Nevertheless we have to admit that, at the end, all of them receive us with open arms. Perhaps with the evil intention of converting us into one of them: “Come to our youth hostel” or “Join this excursion”. Undoubtedly, they do it in good faith, but you end up sick and tired. Not of them, but of their tourist guides: the paper ones of the former’s and the living ones of the latter’s. The backpackers, as crazy about brand names as everybody else, don’t leave their countries without the typical Lonelyplanet, the most evil tool we’ve ever seen. No matter how big or small the city or town you are searching about is, they will give you an endless list of places to visit, hotels to stay, or thousands of restaurants to eat. You are the one who have to choose which one is the best. If it goes badly, it is your fault. If it goes well, it will be their success. What an easy business! The rollpackers, on the contrary, leave every decision in the local guides’ hands. Even if they take them to visit third class monuments that nobody knows, stores where they try to sell them Aladdin’s lamp or unbearable restaurants with waiters dressed like natives, they put up with everything without complaining and keep paying.
Can you imagine someone that tells you only about the places that are really worth to visit, and recommends only that restaurant or hotel that has something special and whose price is the right one? A kind of guide that comes up with the most interesting route, that tells you the number of days that you need in each place, what is the best and cheapest way to get there and also where to get the tickets? Like a trip planned by a very good travel agency, but authentic. Do it yourself. In other words, an Ikea trip built online. You can organize your trip in no time at all. Apart from saving yourself all kinds of fees, you are certain that those recommendations are the best options and not the ones which deliver higher commissions to the sellers. Compare to Lonelyplanet and similar guidebooks, is also an advantage. You can save yourself time reading thousands of pages and deciding among all the options for restaurants, hotels or routes which one is the best. Besides, you have the top links directly available to make the reservation at the best price. Isn’t it great? How much would you pay for a service like that?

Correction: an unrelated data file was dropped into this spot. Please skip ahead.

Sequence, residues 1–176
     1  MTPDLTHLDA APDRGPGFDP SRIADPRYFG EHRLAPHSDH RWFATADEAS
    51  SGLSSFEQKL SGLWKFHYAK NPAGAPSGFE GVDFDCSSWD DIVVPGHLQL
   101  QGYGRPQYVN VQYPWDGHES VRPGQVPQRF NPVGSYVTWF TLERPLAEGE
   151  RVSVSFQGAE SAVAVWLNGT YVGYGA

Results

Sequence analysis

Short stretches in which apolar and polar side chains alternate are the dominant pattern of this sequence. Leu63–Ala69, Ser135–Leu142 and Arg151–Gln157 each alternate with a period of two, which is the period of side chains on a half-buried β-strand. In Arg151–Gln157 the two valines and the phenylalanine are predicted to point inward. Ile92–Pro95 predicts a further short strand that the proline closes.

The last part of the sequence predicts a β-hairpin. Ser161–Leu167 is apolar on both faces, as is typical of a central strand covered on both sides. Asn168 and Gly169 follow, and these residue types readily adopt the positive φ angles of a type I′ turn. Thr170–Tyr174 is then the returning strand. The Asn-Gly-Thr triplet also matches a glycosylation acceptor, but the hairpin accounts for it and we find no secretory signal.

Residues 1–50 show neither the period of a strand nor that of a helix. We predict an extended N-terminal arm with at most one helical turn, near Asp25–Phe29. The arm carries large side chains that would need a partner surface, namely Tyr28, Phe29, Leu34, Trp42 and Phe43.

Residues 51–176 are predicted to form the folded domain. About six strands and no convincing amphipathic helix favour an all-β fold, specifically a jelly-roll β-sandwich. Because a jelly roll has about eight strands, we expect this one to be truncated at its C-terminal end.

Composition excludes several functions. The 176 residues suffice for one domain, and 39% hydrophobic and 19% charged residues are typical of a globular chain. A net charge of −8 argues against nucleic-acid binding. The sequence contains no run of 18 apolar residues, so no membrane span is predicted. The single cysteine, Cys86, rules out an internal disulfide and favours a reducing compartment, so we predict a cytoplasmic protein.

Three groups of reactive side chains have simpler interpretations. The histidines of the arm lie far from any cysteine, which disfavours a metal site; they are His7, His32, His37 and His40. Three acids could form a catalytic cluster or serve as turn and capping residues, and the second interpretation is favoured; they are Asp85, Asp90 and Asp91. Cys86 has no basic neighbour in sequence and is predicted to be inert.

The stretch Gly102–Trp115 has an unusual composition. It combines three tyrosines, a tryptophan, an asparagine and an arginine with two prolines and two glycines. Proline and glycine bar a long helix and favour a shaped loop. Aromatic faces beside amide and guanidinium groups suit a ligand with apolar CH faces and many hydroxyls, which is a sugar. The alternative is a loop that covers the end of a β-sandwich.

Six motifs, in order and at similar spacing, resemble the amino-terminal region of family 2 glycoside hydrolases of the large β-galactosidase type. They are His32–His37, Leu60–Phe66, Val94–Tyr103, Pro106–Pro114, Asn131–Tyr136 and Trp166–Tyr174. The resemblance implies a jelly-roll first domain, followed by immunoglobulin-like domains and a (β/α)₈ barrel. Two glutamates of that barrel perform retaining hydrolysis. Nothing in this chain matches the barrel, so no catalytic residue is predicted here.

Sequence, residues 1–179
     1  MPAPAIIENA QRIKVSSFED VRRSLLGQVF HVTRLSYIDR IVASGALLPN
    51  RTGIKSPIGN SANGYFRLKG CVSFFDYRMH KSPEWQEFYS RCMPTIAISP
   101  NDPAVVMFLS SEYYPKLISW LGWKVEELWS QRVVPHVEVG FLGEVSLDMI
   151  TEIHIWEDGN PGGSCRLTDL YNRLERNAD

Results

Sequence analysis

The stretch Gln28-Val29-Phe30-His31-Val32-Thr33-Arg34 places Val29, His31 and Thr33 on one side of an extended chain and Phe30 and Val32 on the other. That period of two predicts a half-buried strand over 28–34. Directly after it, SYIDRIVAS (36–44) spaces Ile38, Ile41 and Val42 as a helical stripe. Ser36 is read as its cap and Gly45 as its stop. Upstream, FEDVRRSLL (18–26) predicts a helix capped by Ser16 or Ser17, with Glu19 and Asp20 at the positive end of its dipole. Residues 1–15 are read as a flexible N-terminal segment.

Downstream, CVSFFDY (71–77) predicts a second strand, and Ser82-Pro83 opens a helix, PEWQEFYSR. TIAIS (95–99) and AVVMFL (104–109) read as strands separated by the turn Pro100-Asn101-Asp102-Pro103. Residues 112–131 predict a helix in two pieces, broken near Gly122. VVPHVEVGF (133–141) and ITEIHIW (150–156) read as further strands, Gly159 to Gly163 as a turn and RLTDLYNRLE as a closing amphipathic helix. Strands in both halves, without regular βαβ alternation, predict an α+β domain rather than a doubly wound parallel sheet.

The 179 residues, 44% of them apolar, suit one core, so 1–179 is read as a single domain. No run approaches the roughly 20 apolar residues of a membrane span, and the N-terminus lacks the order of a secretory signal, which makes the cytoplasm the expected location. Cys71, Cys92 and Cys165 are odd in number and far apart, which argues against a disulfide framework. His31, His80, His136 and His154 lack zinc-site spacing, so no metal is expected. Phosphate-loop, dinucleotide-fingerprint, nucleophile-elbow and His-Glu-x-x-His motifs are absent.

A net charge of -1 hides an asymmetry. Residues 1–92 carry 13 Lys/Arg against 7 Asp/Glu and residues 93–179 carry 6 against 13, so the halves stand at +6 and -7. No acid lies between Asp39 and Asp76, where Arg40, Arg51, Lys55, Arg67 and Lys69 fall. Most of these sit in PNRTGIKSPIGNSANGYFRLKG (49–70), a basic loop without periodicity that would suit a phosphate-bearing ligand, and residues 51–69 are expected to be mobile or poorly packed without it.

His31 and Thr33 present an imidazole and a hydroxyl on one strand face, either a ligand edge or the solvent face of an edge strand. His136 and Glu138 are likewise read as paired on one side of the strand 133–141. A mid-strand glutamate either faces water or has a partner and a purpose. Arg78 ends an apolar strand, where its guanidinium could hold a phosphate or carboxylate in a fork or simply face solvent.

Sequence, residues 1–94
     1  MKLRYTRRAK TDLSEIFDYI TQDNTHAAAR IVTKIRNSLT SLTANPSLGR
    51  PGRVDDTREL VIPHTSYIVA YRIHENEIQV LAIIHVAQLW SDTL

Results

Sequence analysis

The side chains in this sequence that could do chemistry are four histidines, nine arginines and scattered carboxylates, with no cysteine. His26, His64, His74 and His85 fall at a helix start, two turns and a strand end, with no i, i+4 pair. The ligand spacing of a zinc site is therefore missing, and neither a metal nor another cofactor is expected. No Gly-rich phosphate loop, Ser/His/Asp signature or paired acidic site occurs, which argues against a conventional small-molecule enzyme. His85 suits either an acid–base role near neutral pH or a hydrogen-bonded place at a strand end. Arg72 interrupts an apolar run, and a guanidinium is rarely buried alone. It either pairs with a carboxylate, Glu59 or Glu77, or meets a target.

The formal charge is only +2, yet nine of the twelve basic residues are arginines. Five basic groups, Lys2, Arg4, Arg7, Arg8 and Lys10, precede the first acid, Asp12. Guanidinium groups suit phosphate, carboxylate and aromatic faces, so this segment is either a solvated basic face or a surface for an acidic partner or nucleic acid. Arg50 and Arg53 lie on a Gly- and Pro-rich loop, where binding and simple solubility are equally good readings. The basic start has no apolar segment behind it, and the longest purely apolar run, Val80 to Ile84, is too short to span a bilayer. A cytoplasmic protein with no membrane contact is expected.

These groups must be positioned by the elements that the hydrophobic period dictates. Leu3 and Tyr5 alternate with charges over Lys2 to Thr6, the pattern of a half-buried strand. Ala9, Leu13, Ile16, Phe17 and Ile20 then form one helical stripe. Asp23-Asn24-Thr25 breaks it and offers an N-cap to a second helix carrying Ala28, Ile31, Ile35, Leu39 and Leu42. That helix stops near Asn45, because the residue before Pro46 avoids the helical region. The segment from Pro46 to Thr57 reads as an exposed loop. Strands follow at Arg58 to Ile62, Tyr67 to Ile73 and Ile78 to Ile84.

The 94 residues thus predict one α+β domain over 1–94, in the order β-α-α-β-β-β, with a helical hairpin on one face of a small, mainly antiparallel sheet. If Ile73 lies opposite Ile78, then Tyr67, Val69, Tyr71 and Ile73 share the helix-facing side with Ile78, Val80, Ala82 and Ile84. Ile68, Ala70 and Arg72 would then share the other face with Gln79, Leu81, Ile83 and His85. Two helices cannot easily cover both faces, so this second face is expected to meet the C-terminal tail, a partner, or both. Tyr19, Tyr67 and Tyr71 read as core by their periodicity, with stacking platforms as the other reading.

(when we wrote down this post we started imaging Way Away for the first time. Two years later we are on air and… so far so good!)